© 2015 Concerned Citizens of Western Montana

Over the weekend, the Compact Commission held a series of three public meetings to discuss the revised water compact, two in Ronan, and one in Kalispell.

We attended all three because each meeting seemed to be targeted at a different audience:  1) Flathead Project Irrigators 2) On Reservation Public and 3) Off Reservation Public.  We wanted to see first hand what was presented at each.

Here is a timeline of the new compact documents as of the writing of this post:

01/07/15        A public review draft of the compact was released to the public

01/09/15        Appendices available only minutes before public meetings began

01/12/15       New Compact Document submitted a few short hours before the compact commission vote to move the compact forward. (Update)

01/21/15      As of 01/21/15 9 compact appendices still remain unfinished. (Update)


Is it 2012-2013 or 2015?  We are seeing the same scenario play out as in 2013, except it appears that this go around the Compact Commission is even more behind schedule than they were two years ago.

In 2012-2013 the public was forced to suffer through three iterations of compact documents within a five month period.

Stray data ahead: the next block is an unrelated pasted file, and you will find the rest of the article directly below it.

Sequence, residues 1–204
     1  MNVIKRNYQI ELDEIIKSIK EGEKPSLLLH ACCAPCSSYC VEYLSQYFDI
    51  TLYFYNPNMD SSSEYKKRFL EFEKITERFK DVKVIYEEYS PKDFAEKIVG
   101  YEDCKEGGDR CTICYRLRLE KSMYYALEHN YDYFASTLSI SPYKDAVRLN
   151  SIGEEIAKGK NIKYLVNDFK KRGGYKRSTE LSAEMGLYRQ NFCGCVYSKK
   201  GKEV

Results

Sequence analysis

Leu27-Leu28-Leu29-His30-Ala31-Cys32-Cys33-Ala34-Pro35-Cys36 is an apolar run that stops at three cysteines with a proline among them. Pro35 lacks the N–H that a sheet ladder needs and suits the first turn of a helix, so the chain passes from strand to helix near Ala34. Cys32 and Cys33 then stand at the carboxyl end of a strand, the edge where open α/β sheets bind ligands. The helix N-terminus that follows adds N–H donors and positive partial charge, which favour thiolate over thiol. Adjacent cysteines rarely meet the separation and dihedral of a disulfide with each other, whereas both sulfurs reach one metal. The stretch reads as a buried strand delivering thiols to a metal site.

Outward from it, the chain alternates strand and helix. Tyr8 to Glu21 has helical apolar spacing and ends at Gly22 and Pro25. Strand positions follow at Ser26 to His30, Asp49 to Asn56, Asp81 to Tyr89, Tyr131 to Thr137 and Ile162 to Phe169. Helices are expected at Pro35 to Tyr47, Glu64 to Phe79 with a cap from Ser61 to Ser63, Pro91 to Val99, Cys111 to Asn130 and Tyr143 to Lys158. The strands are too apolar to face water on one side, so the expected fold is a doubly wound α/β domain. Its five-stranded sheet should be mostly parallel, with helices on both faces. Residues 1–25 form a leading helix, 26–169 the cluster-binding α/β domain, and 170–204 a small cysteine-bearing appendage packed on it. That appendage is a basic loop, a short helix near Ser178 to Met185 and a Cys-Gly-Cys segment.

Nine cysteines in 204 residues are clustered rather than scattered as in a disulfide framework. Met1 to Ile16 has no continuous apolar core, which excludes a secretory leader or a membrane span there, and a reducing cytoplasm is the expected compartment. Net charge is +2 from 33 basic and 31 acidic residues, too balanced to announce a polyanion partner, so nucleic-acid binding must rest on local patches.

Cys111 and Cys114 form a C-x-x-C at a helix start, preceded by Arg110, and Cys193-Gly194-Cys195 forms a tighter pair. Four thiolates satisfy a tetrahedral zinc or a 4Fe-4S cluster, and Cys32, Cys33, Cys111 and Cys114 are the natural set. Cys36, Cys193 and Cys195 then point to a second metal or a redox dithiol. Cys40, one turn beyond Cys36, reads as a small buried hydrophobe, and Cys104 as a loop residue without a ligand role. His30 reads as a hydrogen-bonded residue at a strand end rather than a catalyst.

In 2015 some of the pretense has been dropped for expediency.  Tomorrow evening the Compact Commission will consider voting to move the compact forward to the legislature without the benefit of a complete document, and without providing any time for complete public scrutiny.

Montana’s constitution provides for the Right of Public Participation and the Right to Know.  While all of that sounds good on paper, on the ground, its a different story.


Both Melissa Hornbein and Ethan Mace presented the revised compact from the state’s perspective.  What was noticeable about the presentations however, was that very little new information was provided, mainly because little has changed in the documents.

True to Chris Tweeten’s word at the first “renegotiation session” last September, not a drop of water has changed.  After all, why would the tribe want to consider a more reasonable and acceptable compact after the state had already capitulated everything possible to them in the first go around?

After more than eleven hours of meetings over two days, we now know that the most egregious aspects of the compact remain unchanged. And, we still do not know how much water is being given to the Tribes as part of this compact.  The State refuses to divulge that number because it is too large and they know that if legislators knew how much water it was they’d never vote for the Compact.